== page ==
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On Their Shoulders: Honoring the African American Contributions to Patrick Henry and America
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Mr. Syid Abdullah (Father of Mr. Yusuf Abdullah) sailing on the USS Providence during the Vietnam War

We're trying to make Black History Month stretch over an entire year. We invite all staff and students to take a moment and write the answers to these simple questions:

  • Who in your family, community, and our country has inspired, motivated, and lifted your spirits to help you become a better person? 
  • What actions did they take that made you and the world a better place to live? 
  • As you stand on their shoulders what will YOU do to inspire others and also make the world a better place to live?

A great place to look for community and national leaders is at the African American Registry

Dino '14: Patrick Henry Was a Slaveowner

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During Black History Month we were having a discussion and the subject of slavery came up.  My teacher, Dr. Price  asked us if we were aware that the person who our school was named after, Patrick Henry, was a slave owner.  I was surprised to hear that.  At first I didn't believe it.  Then I began to research this issue and I learned that Dr. Price was telling the truth.

Patrick Henry was a famous Revolutionary War leader who fought the English for freedom for some people living in the early United States, or what was then called the Colonies.  Henry's famous expression was, "Give Me Liberty of Give Me Death."  But I asked myself, how could he have said this and fought so hard and so bravely for freedom, and still had slaves?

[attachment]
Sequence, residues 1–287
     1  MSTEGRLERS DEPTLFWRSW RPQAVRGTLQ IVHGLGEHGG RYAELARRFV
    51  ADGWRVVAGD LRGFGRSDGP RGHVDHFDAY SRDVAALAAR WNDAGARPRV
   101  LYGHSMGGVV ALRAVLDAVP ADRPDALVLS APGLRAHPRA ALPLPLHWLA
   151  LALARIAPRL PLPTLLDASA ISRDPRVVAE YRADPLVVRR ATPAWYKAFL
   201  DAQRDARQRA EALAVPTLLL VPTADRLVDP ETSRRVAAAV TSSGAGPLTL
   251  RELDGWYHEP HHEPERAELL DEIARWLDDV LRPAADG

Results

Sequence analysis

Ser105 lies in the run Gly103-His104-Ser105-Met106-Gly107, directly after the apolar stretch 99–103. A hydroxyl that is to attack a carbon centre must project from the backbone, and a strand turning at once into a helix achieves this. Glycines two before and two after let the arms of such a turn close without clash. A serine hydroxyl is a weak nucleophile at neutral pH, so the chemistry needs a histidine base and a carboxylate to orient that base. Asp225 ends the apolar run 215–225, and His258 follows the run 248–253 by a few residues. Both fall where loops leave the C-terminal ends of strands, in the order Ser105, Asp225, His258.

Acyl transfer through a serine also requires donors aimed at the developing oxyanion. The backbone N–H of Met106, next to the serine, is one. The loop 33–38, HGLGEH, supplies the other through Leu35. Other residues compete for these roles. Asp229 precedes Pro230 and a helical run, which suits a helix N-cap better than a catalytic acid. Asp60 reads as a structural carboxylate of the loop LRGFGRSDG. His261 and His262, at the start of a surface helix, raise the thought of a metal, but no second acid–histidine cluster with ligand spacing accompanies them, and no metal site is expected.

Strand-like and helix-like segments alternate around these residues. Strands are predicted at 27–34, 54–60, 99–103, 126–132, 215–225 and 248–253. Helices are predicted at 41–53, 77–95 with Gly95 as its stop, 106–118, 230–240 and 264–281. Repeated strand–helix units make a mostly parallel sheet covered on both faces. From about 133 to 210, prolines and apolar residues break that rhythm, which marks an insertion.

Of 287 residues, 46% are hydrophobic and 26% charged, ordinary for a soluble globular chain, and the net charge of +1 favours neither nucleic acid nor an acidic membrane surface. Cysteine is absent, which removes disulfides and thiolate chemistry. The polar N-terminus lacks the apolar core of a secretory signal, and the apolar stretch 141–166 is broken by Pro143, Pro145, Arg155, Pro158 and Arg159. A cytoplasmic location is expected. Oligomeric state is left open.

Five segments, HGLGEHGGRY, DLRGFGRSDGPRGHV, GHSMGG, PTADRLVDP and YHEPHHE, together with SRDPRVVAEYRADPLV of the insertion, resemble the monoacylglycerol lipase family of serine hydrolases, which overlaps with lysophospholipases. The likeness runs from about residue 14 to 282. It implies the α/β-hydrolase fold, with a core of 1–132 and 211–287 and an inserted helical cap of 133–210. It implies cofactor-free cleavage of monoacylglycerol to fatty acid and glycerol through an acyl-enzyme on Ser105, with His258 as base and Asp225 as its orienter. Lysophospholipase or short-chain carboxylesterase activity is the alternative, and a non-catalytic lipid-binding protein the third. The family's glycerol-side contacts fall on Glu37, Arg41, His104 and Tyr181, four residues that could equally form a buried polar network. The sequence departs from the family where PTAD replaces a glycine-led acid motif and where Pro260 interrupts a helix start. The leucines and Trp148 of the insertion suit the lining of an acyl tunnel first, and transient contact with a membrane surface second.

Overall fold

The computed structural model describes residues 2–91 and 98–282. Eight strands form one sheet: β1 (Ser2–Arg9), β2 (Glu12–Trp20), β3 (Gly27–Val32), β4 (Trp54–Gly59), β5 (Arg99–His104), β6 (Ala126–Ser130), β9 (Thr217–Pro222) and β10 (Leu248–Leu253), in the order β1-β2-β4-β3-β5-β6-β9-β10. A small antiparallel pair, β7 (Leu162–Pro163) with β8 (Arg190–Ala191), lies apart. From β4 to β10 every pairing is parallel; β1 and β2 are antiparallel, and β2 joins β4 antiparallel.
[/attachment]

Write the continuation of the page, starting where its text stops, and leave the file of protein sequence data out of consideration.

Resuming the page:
Much of the information that I refer to is taken from a book called, Patrick Henry, First Among Patriots, written by Thomas Kidd and published by Basic Books in 2011.  In my research I learned that Patrick Henry's history of slave ownership began when he was a "broke eighteen year old who married a sixteen year old named Sarah Shelton. Sarah lived a few miles from Patrick Henry in Virginia where many farmers owned slaves.  Sarah's father was a wealthy landowner who gave Patrick Henry a wedding gift of a three hundred acre farm and six slaves (15)."

Henry himself was raised in a family that owned slaves, but now he owned his own slaves. He was like most of the slave owners back then an owner of twenty slaves or less.  One of his neighbors, Thomas Nelson, a signer of the Declaration of Independence had 208 slaves.  After his wife died in 1777 Patrick Henry remarried and received even more slaves at the time of his second marriage.  When he himself died, he owned 67 slaves which made him one of the slave owners with the most slaves in Virginia.  Henry admitted that owning slaves was problematic, but what I don't understand is how can it be problematic?  It's a direct contradiction to speak out for freedom for some and still own slaves, especially since many Virginians back then took pride in doing their own work, and they believed that slavery often caused laziness in the slave owners.